County Legislator Ellen Birnbaum and her Republican challenger, David Adhami, both framed themselves as independent representatives in separate interviews with Blank Slate Media, emphasizing their work in the public and private sectors.
Birnbaum, a second-term county legislator for the 10th District, said her experience in the Office of Intermunicipal Coordination, county Legislature and various other government jobs makes her the most qualified to serve the district.
“I believe my government experience, first at the Town of North Hempstead, and then my four years as a legislator, have provided me with a background to serve the public,” Birnbaum said in an interview.
Adhami, a litigation attorney and small-business owner, said his experience as a lawyer has allowed him to understand how to be fiscally responsible, and fight against wrongdoing and the unintended consequences of laws.
“I’ll do what’s right for the taxpayers,” Adhami said in an interview. “I’ve done it before.”
The 10th District includes the Great Neck peninsula, Manhasset Hills, the Village of North Hills, and parts of Albertson, Garden City Park, Herricks, Manhasset, North New Hyde Park and Searingtown.
Birnbaum said that she and the Democrats have to “hold the line” at every little expenditure possible to fix the budget. She also said that she believes in more fully staffing various departments, like building and public works, to do more in-house work and reduce the use of contractors.
“The budget doesn’t balance,” Birnbaum said.
Adhami said that he sought to hold the line on taxes and that as someone who comes from a family of small-business owners, he can budget appropriately and spot bad contracts when he sees them.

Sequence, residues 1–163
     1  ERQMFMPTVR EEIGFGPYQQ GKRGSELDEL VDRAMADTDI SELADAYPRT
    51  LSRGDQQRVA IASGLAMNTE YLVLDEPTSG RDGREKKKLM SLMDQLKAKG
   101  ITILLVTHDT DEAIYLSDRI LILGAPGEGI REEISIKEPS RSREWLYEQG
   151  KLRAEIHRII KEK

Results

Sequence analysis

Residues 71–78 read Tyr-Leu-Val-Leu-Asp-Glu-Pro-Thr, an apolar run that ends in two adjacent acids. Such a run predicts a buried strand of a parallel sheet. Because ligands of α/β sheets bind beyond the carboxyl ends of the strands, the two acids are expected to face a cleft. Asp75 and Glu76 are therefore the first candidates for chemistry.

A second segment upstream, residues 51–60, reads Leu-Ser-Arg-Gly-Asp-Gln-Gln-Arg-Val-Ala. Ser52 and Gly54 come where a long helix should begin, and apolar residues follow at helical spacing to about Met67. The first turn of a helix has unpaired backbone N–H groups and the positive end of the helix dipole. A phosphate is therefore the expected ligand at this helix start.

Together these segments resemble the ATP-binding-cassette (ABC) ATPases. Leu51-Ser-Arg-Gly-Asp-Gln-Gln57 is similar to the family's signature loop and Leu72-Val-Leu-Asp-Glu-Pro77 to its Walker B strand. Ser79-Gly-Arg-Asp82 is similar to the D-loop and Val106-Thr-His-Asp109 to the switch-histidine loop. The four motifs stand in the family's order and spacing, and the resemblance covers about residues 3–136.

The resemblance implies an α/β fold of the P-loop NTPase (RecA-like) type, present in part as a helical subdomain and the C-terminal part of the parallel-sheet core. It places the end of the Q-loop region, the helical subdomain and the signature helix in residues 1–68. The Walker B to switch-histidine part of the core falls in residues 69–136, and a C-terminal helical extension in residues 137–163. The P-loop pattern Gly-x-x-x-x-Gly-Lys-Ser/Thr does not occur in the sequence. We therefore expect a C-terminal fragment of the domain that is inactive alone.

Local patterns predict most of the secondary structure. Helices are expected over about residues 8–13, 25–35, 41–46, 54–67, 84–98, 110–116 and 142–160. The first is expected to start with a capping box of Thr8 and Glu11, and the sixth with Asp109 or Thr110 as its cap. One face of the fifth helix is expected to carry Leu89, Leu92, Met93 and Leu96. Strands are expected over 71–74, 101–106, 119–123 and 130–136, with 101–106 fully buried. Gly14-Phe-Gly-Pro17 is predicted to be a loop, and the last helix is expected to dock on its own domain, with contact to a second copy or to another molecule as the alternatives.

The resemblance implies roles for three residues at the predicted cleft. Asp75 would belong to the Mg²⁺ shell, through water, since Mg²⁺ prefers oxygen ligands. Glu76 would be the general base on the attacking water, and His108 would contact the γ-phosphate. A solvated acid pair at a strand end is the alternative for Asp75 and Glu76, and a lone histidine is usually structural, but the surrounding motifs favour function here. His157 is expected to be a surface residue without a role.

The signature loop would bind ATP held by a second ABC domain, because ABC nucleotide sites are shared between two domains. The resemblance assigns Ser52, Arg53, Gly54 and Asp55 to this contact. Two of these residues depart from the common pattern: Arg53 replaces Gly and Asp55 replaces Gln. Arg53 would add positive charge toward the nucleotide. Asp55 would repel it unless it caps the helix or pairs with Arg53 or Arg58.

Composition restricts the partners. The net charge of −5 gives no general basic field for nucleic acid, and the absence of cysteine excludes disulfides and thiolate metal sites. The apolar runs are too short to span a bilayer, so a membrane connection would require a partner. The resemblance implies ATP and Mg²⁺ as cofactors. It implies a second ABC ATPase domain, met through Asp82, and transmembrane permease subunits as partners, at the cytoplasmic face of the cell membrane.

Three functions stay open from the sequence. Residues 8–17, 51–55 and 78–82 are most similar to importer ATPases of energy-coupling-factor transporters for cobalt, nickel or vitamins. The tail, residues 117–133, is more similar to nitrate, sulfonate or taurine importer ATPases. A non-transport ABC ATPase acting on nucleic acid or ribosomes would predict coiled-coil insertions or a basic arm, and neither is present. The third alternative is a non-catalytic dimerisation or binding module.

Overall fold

“If it’s not something that’s good for the county or my constituents, I won’t vote for it,” Adhami said.
In regards to the appointment of an independent inspector general to oversee contract procurement, Adhami said he “wouldn’t necessarily go with all of the district attorney’s recommendations” when it comes to fixing the contract procurement process.
Birnbaum, by contrast, expressed support for the idea of an independent inspector general. She is co-sponsoring a Democratic anti-corruption “super bill” calling for an independent inspector general’s office and other measures.
Both Birnbaum and Adhami said there should be property reassessments every three years or so.
“You have neighbors paying vastly different amounts and we’re going to have to straighten that out,” Adhami said.
Birnbaum said the assessment system “is broken” and there needs to be a qualified assessor, rather than an acting one that “hasn’t met the basic requirements.”
She added that while three years is her baseline for reassessments, she believes they should be done every year if the capabilities exist.
Both candidates also expressed support for term limits. Adhami suggested a limit of approximately 12 years.
Birnbaum said that there should be an independent commission to redraw the county’s legislative districts to ensure proper representation.
Adhami questioned the idea, saying that people are “free to vote any way they want” and that there currently is “one person, one vote” in Nassau County.
But, he said he would want more details before coming to a final decision.
“If it’s something that’s viable and doesn’t add more bureaucracy or red tape, I’d be in favor of it,” Adhami said.
Both candidates also raised heroin and opioid addiction as an issue and said that more needs to be done. Each expressed support for funding more treatment facilities and other programs.
“Putting them in jail doesn’t really help,” Adhami said, referring to his own cases with opioid addicts. “And it’s a long road to recovery.”
Birnbaum said that education is also an important part of fighting the “rampant” issue.
“It’s a problem,” Birnbaum said. “But it’s not spoken about.”
Birnbaum and Adhami also expressed support for re-opening the Nassau County Police Department’s 6th Precinct to help people feel safer.
“One of the bigger things is there is no police presence in Great Neck over the high holidays,” Adhami said, “and there used to be.”
Birnbaum said that if re-elected, restoring the Sixth Precinct would be something she hopes to accomplish in the first hundred days.
“My priority first is to see the 6th Precinct re-opened,” Birnbaum said. “That affects my district greatly.”